Costa Rican customs authority is organized as the Servicio Nacional de Aduanas. It has a General Director, which reports directly to the Treasury Ministry. The legal framework of customs regulations falls under the General Law of Customs and its Regulatory statement and the Central American Uniform Customs Code and its Regulatory Statement.
Costa Rican customs procedures are complex and bureaucratic. Improvements, such as electronic “one stop” import and export windows, known as Single Windows, have significantly reduced the time required for customs processing.
The Government of Costa Rica implements its TICA system in which customs brokers declares all goods that are being imported and exported by all means of transportation, in all the customs territories created in the country.
Customs might require the monitoring of the handling of shipments in person, depending on the “traffic light system”. This means that each shipment entering the country will pass through a random pre-studied system that classifies shipments into red (physical inspection), yellow (documental inspection) or green (no inspection). Sometimes customs requires that some shipments are handled internally with an electronic seal to monitor their delivery from the port to the customs warehouses and all the way until it pays the pertaining customs duties, and it is completely legalized.
There is also a new import procedure for most imports entering via APM Terminals Moin in which customs and Control Drug Policy (PCD) might be requiring shipments to be scanned. The government’s goal is to reach 100 percent of scanning of all imports and exports in the country through all ports, via land, water or air. This is a project in progress, right now only Terminal de Contenedores de Moin operated by APM Terminals is partially scanning the shipments pre-selected by government.
For more information on customs regulations, please see the Directorate General of Customs of Costa Rica’s webpage or the TICA webpage (https://www.hacienda.go.cr/tica/web/hCnConsVariasE.aspx).
Regarding documentation, Costa Rica only requires commercial invoices, bill of lading, and airway bills for the entry of goods. Mail shipments require only postal documentation. Bulk agricultural products require phytosanitary certificates. Imports of cosmetics, pharmaceutical, vitamin supplements, medical devices, chemicals, toxic substances, insecticides, pesticides, and agricultural chemicals require an import permit from the Costa Rican Ministry of Health. The permit can be obtained upon presentation of quantitative-qualitative analysis certificates, good manufacturing practices and free-sale certificates, which must be provided by the foreign exporter. The registration process for pharmaceuticals has become very slow, in some cases and depending on the product class and usage it can take six months for approval, the COVID pandemic has helped also to increase the waiting time since more people is trying to register and import products of sanitary interest.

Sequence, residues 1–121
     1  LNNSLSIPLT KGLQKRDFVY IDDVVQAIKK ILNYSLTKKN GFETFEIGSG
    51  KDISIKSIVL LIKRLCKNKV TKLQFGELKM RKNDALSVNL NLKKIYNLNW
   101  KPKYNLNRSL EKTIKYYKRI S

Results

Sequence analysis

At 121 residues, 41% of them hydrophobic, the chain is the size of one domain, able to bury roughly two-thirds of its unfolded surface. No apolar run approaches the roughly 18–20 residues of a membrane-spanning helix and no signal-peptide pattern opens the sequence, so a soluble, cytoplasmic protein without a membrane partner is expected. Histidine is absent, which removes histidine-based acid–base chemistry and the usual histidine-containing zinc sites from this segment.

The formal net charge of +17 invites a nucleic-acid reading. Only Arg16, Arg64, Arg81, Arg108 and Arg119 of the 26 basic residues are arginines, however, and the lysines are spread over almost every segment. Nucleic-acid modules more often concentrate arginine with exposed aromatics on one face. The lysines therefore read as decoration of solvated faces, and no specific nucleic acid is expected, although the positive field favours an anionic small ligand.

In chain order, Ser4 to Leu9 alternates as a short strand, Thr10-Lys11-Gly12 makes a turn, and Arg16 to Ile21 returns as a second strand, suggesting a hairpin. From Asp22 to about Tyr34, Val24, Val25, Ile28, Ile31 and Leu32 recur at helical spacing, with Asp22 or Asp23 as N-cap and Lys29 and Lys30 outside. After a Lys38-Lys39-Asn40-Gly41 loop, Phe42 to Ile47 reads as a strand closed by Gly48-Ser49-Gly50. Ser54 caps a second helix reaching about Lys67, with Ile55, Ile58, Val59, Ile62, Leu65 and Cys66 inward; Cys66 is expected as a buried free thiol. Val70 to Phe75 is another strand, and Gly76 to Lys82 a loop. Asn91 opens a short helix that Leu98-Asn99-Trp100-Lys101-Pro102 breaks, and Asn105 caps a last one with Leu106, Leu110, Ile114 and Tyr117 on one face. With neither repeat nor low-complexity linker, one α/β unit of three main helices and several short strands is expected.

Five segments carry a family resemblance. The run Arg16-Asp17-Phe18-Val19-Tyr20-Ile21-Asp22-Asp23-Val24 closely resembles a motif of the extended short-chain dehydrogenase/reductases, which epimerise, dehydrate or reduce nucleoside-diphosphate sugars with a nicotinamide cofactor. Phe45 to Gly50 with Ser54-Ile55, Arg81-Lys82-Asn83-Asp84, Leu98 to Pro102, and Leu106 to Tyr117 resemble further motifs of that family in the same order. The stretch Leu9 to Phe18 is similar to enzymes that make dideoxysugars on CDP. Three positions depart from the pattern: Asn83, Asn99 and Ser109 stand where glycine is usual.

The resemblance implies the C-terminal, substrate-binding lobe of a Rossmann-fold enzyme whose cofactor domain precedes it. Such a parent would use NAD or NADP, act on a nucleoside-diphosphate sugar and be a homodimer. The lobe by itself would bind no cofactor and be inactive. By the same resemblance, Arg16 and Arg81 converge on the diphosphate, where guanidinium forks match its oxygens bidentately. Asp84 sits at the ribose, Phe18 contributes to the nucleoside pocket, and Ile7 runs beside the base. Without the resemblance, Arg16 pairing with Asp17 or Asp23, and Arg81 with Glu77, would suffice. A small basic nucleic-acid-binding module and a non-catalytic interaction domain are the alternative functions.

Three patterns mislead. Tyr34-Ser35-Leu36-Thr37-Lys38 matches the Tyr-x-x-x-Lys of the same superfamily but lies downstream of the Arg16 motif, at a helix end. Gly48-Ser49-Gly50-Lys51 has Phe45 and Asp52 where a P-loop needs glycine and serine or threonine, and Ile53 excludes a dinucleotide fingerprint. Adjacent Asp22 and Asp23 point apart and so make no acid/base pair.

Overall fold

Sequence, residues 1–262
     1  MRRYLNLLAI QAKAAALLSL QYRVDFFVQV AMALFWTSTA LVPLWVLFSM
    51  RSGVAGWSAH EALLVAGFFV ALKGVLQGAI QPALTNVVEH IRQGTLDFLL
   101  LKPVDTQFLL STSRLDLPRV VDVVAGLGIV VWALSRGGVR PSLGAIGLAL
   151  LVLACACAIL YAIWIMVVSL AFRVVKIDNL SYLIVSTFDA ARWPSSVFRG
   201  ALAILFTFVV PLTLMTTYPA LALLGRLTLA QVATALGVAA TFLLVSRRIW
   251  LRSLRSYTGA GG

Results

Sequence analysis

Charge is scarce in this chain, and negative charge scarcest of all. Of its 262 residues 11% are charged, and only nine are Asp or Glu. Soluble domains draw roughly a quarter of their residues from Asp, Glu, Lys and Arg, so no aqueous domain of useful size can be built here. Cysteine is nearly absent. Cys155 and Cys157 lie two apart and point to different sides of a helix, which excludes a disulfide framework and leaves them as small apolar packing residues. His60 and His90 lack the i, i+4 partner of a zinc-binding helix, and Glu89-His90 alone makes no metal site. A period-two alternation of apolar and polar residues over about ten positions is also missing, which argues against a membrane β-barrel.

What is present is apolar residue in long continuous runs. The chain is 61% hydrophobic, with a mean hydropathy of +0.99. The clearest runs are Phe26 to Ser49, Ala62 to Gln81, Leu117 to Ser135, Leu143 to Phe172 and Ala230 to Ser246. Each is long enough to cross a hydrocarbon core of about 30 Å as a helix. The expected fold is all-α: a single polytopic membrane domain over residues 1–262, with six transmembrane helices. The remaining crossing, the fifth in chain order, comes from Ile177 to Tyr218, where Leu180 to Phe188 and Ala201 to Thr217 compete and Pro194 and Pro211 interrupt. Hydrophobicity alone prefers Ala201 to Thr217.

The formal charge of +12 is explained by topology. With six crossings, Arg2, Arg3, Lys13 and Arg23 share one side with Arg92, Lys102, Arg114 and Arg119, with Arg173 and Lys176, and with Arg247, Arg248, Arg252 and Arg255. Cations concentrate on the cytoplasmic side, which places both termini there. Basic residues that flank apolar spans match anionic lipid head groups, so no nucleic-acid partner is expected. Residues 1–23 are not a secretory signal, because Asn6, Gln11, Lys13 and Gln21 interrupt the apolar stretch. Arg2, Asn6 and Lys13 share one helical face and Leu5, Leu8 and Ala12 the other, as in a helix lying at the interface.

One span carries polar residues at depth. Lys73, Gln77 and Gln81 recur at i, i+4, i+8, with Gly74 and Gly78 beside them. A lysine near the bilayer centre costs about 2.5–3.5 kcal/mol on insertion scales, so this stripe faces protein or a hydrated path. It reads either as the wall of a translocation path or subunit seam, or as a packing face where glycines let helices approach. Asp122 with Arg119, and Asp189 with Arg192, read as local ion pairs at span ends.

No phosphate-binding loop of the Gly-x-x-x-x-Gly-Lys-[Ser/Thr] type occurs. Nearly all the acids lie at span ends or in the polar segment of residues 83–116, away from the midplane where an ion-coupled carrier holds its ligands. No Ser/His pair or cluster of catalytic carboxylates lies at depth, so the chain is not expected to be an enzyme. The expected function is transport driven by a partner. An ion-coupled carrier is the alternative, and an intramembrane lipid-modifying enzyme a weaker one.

The Ministry of Health is working to reduce the timeframes, along with Gobierno Digital, the government office in charge of managing the electronic system for government purchases. The Ministry has implemented an electronic platform for the digital registration of products which aims to make the process more agile and cost efficient for products with sanitary interests. The platform is called the Registrelo platform, and there is plenty information available on product registration here: registrelo.go.cr
Since 2011, the Costa Rican Ministry of Health recognizes U.S. Food and Drug Administration (FDA) authorizations of medical devices without additional evaluation.
For imports from CAFTA countries, certification of the origin of the goods must be presented to Customs Authority. There is no specific format to present this information. The local importer can use any format available for this purpose. For more information, please see the Ministry of Foreign Trade of Costa Rica’s certification of origin webpage.
Violations of documentation laws carry heavy fines. Consequently, great care must be taken to avoid errors and infractions. All import processing should be carried out by a certified customs broker.
Questions pertaining to customs issues should be addressed to:
Edificio La Llacuna, Avenida Central
San José, Costa Rica
Phone: (506) 2522-9390
Information on Free Trade Zones and the Active Finishing Regime, as well as statistical information on Costa Rican trade and listings of importers and exporters, is available from the Costa Rican Foreign Trade Corporation (PROCOMER), an autonomous agency headed by the Minister of Foreign Trade. Contact information follows:
Av. 3a. Calle 40
P.O. Box 1278-1007
San José, Costa Rica
Phone: (506) 2299-4700
Fax: (506) 2233-575
Additional information can also be obtained by contacting the Costa Rican Association of Free Trade Zones:
Plaza Mayor Rohrmoser, Segunda Etapa
Segundo Piso, Oficina # 1, Rohrmoser, Pavas
San Jose, Costa Rica
Phone: (506) 2520-1635
Contact: Mr. Alvaro Valverde P., Executive Director